The Joy of 'Groppers'
I seem to have a strange affinity with the Grasshopper Warbler which has allowed me over the last few years to build a good library of images. It strange as a bird photographer how you have great success with some species and seem to completely fail with others. Every bird photographer has a few 'bogey birds' for which they struggle to get images. For example, Dottrel that are relatively easy to photograph due to their very confiding nature I have never managed yet to put in front of the lens.
This is a highly skulking bird that loves to keep deep within low vegetation and a species which many have only heard but not seen. I think the key to my numerous prolonged encounters with these birds has been mainly due to timing. The window for photography is a narrow one and only seems to last two or three weeks from when the birds first arrive back from Africa and until they have secured a mate for the breeding season. During this brief time the birds, that will have taken up residence in low clumps of brambles and scrub will frequently move up to the highest perch in the early morning to burst into their unusual insect like song allowing great opportunities for the photographer.
As insect grasshoppers are not usually singing at the time when these warblers are, if you hear the characteristic fast clicking sound in the mid-spring its a good chance it is one of these birds.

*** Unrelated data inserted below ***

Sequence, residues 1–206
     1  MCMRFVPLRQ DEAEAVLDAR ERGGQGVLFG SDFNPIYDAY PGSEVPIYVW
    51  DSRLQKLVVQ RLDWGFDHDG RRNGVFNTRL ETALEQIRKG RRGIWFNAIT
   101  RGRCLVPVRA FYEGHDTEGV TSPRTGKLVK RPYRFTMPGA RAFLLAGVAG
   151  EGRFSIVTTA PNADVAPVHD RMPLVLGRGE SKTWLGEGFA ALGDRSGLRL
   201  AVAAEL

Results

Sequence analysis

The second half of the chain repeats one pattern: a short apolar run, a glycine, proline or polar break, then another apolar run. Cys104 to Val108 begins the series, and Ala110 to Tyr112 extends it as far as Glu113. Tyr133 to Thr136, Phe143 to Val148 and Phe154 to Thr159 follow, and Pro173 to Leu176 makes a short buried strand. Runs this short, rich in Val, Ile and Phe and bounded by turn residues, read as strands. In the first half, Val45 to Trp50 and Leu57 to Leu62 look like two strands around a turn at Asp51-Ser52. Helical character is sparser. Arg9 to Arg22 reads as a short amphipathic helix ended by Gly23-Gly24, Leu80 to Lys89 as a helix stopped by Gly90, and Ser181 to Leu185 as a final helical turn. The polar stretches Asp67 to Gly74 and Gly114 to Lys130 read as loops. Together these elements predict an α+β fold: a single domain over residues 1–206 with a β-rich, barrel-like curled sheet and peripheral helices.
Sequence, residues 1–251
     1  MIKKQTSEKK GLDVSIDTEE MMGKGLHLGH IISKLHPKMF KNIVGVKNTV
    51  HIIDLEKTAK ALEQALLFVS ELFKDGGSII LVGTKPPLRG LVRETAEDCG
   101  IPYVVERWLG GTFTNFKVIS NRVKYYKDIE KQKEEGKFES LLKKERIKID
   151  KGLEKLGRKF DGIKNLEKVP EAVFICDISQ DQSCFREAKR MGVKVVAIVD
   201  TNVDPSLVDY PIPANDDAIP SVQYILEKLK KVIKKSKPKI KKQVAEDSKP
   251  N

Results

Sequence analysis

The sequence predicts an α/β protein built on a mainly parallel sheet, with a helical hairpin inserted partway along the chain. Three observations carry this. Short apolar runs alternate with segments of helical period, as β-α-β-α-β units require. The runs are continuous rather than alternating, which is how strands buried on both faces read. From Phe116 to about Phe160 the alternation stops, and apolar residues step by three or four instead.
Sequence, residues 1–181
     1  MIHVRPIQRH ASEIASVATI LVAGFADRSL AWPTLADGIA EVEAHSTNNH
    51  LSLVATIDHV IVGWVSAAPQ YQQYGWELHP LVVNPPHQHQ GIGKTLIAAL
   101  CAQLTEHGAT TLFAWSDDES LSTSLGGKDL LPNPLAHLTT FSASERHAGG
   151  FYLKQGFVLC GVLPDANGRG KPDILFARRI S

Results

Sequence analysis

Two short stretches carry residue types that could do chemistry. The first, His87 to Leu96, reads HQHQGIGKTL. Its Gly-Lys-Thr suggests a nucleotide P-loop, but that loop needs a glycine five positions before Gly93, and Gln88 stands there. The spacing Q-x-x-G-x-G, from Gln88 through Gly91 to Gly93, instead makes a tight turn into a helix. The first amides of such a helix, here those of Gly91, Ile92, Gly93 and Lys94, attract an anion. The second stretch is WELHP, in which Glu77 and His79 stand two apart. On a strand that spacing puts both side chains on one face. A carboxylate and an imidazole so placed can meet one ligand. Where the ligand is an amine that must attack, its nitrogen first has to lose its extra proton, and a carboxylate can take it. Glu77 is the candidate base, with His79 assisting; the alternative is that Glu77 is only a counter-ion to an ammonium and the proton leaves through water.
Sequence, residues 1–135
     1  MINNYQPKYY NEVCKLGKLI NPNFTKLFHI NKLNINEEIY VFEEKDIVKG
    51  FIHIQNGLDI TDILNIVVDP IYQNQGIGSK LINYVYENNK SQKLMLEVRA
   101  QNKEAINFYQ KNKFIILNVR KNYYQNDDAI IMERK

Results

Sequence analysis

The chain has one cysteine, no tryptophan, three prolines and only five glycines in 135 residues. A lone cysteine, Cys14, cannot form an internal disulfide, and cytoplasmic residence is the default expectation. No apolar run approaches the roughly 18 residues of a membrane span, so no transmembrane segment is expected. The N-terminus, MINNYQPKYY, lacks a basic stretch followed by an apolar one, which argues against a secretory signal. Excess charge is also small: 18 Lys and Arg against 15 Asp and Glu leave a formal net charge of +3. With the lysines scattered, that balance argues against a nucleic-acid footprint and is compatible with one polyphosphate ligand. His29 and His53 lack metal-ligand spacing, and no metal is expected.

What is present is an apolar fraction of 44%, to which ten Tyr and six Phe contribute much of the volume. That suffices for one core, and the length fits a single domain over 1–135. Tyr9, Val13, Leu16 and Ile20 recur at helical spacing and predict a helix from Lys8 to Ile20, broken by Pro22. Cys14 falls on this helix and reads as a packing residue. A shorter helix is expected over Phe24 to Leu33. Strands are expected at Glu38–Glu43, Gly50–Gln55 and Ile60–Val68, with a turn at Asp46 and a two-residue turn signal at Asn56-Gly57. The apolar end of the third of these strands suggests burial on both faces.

Homing in on the birds' locations can sometimes be difficult as during the song they rotate their heard to broadcast the sound giving it ventriloquist properties with it seemingly coming from somewhere else. It can be heard from a surprising long distance, as long as you and not too old to have had your high frequency hearing dulled. I think the song has some sort of hypnotic influence on me, as despite telling myself to concentrated on photographing other species, each time I hear it I find myself drawn in towards the bird. One thing I do know that is a hour or so in early morning light at close quarters to a 'Gropper', as they are known locally, is an unforgettable wildlife encounter.
Once a singing Grasshopper Warbler is located their photography is relatively straight forward as they are fairly unconcerned by your presence (as long as you do not move) and it is quite predictable where they are going to sing from. As with many warblers they have preferred song perches. Its really just a question of having some patience and waiting for the bird to occasionally pop up from the brambles on to one of its perches and start its 'reeling' song.